Research Paper On Night By Elie Wiesel

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Elie Wiesel once wrote, “Never shall I forget that night, the first night in the camp, which has turned my life into one long night, seven times cursed and seven times sealed... Never shall I forget the little faces of children, whose bodies I saw turned into wreaths of smoke beneath a silent blue sky. Never shall I forget those flames which consumed my faith forever… Never shall I forget these things, even if I am condemned to live as long as God Himself. Never” (Wiesel Forward). Elie was a Holocaust survivor who wrote a memoir, Night. In Night, Wiesel describes his experience in a concentration camps while undergoing Hitler’s nefarious tactics against him and his family. Between 1933-1945, Hitler and his regime sought to create the idyllic …show more content…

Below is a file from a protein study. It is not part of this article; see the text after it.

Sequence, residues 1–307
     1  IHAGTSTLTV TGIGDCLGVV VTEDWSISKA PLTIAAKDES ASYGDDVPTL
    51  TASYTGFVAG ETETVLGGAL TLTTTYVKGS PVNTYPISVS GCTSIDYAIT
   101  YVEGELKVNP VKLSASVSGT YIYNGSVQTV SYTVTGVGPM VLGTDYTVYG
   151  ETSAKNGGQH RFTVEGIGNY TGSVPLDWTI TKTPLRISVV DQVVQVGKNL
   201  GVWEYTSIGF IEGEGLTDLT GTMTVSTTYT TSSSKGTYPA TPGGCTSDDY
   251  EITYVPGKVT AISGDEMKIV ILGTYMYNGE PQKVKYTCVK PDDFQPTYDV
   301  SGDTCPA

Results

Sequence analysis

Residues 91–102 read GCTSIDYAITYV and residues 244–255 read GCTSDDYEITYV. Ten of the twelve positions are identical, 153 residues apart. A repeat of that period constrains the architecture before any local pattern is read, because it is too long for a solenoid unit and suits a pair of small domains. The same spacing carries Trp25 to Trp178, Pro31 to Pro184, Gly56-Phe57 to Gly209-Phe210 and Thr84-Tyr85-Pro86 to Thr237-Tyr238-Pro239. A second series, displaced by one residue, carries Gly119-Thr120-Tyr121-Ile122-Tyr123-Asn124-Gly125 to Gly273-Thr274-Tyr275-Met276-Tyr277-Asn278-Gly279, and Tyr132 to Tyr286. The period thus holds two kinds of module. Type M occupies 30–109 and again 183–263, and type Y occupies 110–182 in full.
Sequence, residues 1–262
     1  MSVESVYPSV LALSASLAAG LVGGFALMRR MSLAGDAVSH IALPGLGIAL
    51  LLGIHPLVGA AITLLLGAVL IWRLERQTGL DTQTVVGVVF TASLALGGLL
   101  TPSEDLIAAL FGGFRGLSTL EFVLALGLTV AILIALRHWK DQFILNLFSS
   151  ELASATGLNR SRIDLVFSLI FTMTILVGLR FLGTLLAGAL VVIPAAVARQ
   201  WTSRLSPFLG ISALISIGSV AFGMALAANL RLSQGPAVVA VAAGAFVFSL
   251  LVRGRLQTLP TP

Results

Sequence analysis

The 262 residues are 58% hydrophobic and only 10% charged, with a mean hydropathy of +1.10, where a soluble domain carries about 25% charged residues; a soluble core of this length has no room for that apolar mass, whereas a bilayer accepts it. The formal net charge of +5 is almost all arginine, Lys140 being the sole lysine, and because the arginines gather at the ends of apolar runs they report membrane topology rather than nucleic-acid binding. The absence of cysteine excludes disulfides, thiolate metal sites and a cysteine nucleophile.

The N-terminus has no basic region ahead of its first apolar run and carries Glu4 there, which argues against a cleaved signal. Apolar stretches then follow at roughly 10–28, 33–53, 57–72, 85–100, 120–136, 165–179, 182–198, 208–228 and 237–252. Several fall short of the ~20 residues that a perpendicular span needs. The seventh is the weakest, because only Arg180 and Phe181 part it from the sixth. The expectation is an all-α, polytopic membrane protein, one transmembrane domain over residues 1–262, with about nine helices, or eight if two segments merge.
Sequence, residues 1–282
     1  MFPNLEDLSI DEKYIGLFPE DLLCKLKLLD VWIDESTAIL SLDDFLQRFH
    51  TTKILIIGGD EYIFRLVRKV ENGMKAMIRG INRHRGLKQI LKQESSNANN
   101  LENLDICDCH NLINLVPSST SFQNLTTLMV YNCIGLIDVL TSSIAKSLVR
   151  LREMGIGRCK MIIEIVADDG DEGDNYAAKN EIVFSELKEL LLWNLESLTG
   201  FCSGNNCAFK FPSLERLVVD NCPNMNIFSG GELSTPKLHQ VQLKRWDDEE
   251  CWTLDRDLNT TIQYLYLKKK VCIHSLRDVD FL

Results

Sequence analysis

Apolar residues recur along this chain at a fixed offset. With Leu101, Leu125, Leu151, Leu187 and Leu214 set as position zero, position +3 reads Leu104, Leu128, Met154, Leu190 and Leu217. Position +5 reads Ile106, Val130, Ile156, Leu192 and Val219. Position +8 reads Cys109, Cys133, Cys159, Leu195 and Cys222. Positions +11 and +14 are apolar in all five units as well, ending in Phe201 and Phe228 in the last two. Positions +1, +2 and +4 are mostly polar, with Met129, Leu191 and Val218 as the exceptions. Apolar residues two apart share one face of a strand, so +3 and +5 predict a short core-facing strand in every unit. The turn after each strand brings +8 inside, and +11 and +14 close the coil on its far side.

In 1933, the ‘Law for the Prevention of Hereditarily Diseased Offspring’ was passed, ordering forced sterilization of those who were considered to be Disabled. These people included those with deafness, blindness, physical deformities, epilepsy, schizophrenia, etcetera. (“Law for the Prevention of Offspring with Hereditary Diseases”). Hitler backdated his order to September 1st, 1939, the day World War II began, to make it appear as if this was a wartime measure. The individuals were taken to supposed “Eugenics Court” where doctors and lawyers loyal to Hitler reviewed the cases. The oppression began with health policies aimed towards the removal of “unfit” persons. Over time, the Nazi strategies intensified; beginning at forced sterilization, and then transitioning into mass murder. Forced sterilization was a government policy that coerced the Disabled into surgical treatments in an attempt to cure them. The most extreme method of manslaughter, known as the “Euthanasia Program”, was a trial run for the Final Solution to the Jewish Question (“Euthanasia Program”). The word “Euthanasia” is translated into “good death”, but to the Nazis, it was a term that implied the systematic mass murders of thousands. Propaganda was spread throughout Germany convincing citizens that the Disabled were “useless eaters”. In Germany and Austria, six institutions existed, and the sole purpose of the institutions were for housing patients who had an inevitable death. Small children and infants were starved or killed by an injection of a lethal chemical. Others were put into gas chambers and poisoned with carbon monoxide. After their death, bodies were sent to crematoriums and burned. Often times parents were unaware of the fate of their children. They were told that they had been cremated and they had passed away due to pneumonia or another form of disease. After Hitler called the Euthanasia Program to a halt in

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